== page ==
I now try to practice this twice a day. So if you have 10 minutes to spare in the morning and evening, stretch ! It can’t hurt !

4. Hydrate, Hydrate and Hydrate

I had heard this many times “Drink lots of water”, but never paid too much attention to it. Four days into TFN I decided to take this seriously. I sipped water every 15–20 minutes. This meant that I was having water before I felt thirsty. Before going to bed, I consumed 1–2 liters of water. It made an unbelievably HUGE difference. Recovery after the next day’s ride was tangibly and conceivably better, the body felt stronger and the legs didnt ache as much. No exaggeration here!

So, if you play any sport, hydrate as often as you can, especially before you hit the bed. You may not see results in the first 2 days, but over a period of time it will help. Remember, there is no such thing as overhydrate — so just keep drinking water !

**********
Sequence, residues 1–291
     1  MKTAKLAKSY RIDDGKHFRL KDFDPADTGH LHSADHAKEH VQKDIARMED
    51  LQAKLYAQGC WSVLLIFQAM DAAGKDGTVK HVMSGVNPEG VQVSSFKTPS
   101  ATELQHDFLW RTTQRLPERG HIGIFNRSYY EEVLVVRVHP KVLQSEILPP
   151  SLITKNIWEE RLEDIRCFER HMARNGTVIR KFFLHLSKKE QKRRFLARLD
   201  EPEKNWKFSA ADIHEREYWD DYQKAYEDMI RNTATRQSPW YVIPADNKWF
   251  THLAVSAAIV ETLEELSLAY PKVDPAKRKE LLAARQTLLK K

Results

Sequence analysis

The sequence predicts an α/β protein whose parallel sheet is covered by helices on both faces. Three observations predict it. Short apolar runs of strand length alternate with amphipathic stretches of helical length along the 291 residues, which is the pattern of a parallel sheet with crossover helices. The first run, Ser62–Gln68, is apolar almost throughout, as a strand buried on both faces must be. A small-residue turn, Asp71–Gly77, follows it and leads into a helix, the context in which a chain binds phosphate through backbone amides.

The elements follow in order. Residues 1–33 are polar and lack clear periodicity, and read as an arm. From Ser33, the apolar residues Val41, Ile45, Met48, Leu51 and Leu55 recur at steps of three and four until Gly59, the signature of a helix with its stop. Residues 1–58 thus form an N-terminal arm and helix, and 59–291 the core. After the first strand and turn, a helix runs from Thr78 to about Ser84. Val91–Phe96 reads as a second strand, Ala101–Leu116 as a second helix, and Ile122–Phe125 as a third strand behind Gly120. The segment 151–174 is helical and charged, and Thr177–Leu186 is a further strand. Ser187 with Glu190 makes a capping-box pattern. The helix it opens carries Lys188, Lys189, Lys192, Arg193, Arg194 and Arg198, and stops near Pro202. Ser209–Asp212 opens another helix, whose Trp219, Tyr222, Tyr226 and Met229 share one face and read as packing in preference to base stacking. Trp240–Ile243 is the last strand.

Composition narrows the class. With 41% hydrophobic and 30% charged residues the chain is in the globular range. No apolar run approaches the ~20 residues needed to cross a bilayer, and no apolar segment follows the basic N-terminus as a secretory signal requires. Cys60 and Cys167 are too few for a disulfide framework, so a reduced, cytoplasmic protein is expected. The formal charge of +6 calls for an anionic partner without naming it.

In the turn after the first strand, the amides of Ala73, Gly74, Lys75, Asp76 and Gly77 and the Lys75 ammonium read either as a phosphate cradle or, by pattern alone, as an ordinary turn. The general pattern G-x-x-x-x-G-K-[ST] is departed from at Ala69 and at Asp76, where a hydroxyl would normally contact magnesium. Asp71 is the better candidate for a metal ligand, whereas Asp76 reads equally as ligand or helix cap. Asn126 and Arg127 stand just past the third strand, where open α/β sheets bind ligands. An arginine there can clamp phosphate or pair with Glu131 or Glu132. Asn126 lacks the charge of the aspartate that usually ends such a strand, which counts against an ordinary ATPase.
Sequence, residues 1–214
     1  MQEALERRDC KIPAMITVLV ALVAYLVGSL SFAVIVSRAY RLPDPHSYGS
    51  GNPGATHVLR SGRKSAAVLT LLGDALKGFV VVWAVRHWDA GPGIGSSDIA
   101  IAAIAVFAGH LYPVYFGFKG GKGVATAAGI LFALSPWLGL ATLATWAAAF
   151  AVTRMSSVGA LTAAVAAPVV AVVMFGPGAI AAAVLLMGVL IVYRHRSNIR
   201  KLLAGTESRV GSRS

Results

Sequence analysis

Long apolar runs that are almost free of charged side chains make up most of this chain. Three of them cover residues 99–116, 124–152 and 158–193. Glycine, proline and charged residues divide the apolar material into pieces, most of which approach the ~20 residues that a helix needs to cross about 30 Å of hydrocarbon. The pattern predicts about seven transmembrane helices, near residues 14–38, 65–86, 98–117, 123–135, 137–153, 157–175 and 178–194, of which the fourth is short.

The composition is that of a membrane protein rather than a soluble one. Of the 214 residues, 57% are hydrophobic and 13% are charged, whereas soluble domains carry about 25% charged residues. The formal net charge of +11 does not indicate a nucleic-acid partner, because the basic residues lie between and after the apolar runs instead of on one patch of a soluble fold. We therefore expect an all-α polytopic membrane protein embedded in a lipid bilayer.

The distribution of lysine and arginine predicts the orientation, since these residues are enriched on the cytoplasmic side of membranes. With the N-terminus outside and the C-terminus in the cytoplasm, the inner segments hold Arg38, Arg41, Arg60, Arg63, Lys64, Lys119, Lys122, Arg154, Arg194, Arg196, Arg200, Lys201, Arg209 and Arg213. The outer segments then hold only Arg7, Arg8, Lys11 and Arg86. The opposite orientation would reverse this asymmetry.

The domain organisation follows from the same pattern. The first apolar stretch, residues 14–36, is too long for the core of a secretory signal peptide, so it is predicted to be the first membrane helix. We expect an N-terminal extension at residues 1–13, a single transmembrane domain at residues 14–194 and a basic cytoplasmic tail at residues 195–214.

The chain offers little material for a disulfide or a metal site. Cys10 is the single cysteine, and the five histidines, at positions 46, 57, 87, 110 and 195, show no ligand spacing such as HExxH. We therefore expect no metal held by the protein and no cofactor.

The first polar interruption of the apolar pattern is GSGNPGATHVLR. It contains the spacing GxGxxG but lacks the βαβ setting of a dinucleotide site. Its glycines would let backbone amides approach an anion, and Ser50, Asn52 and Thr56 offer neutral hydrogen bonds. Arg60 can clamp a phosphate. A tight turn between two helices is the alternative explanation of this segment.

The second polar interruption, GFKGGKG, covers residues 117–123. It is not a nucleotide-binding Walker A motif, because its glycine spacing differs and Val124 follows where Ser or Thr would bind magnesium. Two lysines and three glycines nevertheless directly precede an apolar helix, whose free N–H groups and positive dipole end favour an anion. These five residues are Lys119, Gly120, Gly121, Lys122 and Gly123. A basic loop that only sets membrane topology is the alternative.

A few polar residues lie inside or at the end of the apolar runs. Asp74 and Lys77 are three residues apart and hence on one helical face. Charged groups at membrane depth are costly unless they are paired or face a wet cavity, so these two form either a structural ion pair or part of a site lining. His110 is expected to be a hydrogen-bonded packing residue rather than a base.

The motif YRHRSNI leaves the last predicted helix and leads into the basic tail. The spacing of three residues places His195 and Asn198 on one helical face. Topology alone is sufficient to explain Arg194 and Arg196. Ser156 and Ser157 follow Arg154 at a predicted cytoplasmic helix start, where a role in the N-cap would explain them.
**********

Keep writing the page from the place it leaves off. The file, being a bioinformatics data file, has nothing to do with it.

5. Culture is everything

TFN is run by 50+ volunteers and 4–5 leaders. Within a day, you realize that this is a special organization. Having built a few organizations I can appreciate the effort that has gone into making TFN a great place to work. All these articles in the media on tech startup culture are generally meaningless. If you want to see how culture is built, look at TFN. Every volunteer will greet you with genuine warmth — with a look on his face and unspoken words that say he is ready to help you. This sort of culture is not built overnight.

The underlying fabric of an event is its people and its culture.

TFN demonstrates this aptly.

Each one of the volunteers is handpicked and trained. One of the volunteers is a national biking champion. Another is a running champion. Yet another runs his own startup. All leave their day jobs to spend 8 days in the Nilgiris to help other riders. Why would they do that? Ask them next time you see them :)

TFN is a 8 year old startup that refuses to grow up. And I hope it never does.

There you go — those are some of the things I learnt from TFN. If you are considering TFN, just do it. And remember to enjoy the ride and not get to the destination early. Because…

TFN is a way to experience South India. TFN is not a way to experience hotels in South India